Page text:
Coronavirus antibodies last for at least six months after infection for the majority of people who have had the virus, according to a new study.
The study from UK Biobank, the UK’s major biomedical database and research resource, looked at how long antibodies persisted in those who were infected.
According to the study, 99% of participants who had tested positive for previous infection retained coronavirus antibodies for three months after being infected, while 88% did so for the full six months of the study.
The results follow early evidence from Public Health England’s SIREN study, which found people infected with Covid-19 in the past are likely to be protected against reinfection for at least five months.
Researchers say the results of the study from UK Biobank indicate antibodies produced following natural infection may “provide a degree of protection for most people against getting infected again for at least six months”.
UK Biobank chief scientist, Professor Naomi Allen, said: “This important study has revealed that the vast majority of people retain detectable antibodies for at least six months after infection with the coronavirus.
“Although we cannot be certain how this relates to immunity, the results suggest that people may be protected against subsequent infection for at least six months following natural infection. More prolonged follow-up will allow us to determine how long such protection is likely to last.”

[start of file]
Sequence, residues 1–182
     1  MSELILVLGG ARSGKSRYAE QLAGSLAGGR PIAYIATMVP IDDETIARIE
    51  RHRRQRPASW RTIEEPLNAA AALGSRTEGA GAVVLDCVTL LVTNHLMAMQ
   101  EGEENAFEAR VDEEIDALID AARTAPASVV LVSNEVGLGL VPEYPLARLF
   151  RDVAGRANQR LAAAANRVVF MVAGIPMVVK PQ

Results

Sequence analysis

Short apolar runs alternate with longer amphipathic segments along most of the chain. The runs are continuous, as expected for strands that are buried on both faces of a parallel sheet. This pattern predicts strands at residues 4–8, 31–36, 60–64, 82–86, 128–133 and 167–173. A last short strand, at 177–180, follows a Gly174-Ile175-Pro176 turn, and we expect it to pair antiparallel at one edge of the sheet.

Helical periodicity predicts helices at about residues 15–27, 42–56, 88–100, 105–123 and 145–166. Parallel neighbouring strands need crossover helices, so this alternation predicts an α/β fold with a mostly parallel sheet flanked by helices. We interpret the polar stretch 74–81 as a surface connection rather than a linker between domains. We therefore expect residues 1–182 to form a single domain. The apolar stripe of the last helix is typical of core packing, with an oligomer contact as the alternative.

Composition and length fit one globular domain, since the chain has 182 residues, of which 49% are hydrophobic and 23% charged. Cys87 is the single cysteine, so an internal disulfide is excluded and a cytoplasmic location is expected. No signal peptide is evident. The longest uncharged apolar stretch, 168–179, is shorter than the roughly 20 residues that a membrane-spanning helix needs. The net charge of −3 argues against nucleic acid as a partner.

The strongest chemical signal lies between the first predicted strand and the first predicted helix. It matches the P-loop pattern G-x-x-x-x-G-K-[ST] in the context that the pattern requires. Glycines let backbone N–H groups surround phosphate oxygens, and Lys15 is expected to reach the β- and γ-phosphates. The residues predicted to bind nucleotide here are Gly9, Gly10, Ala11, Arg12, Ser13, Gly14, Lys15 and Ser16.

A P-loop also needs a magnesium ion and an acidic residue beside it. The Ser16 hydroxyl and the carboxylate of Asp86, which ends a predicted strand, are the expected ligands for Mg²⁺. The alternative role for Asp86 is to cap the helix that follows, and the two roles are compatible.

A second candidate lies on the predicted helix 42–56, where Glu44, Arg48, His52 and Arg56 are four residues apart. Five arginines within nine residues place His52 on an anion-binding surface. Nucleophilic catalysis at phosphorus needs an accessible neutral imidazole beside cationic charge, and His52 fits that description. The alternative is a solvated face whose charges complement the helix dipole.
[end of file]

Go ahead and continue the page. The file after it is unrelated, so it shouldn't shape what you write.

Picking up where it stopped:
For the six-month period from the end of May 2020 to the beginning of December 2020, UK Biobank collected monthly blood samples and data on potential symptoms from 20,200 UK Biobank participants and their adult children and grandchildren.
The study also found the proportion of the population with antibodies to SarsCoV-2 (which indicates past infection) rose from 6.6% at the start of the study period, to 8.8% by the end of it.
There was no difference in prevalence by gender, but the proportion of participants with detectable antibodies was highest in younger people (13.5% among those under 30) and lowest in the elderly (6.7% among those over 70), according to the study.
The prevalence of Sars-CoV-2 was highest among participants of Black ethnicity (16.3%) and lowest among those of white (8.5%) and Chinese ethnicities (7.5%).
The most common symptom associated with having coronavirus antibodies was a loss of sense of taste and smell, which was reported by 43% of positive tests.
Around one quarter (24%) of positive participants were completely asymptomatic, and 40% did not have one of the three classic Covid-19 symptoms – fever, persistent dry cough or loss of sense of taste or smell.
Sir Patrick Vallance, the government’s chief scientific adviser, said: “These latest results provide useful confirmation of the maintenance of antibodies to Sars-CoV-2 over six months.
“Having the results of the study available within UK Biobank’s rich resource will allow further understanding of the disease impact over time.”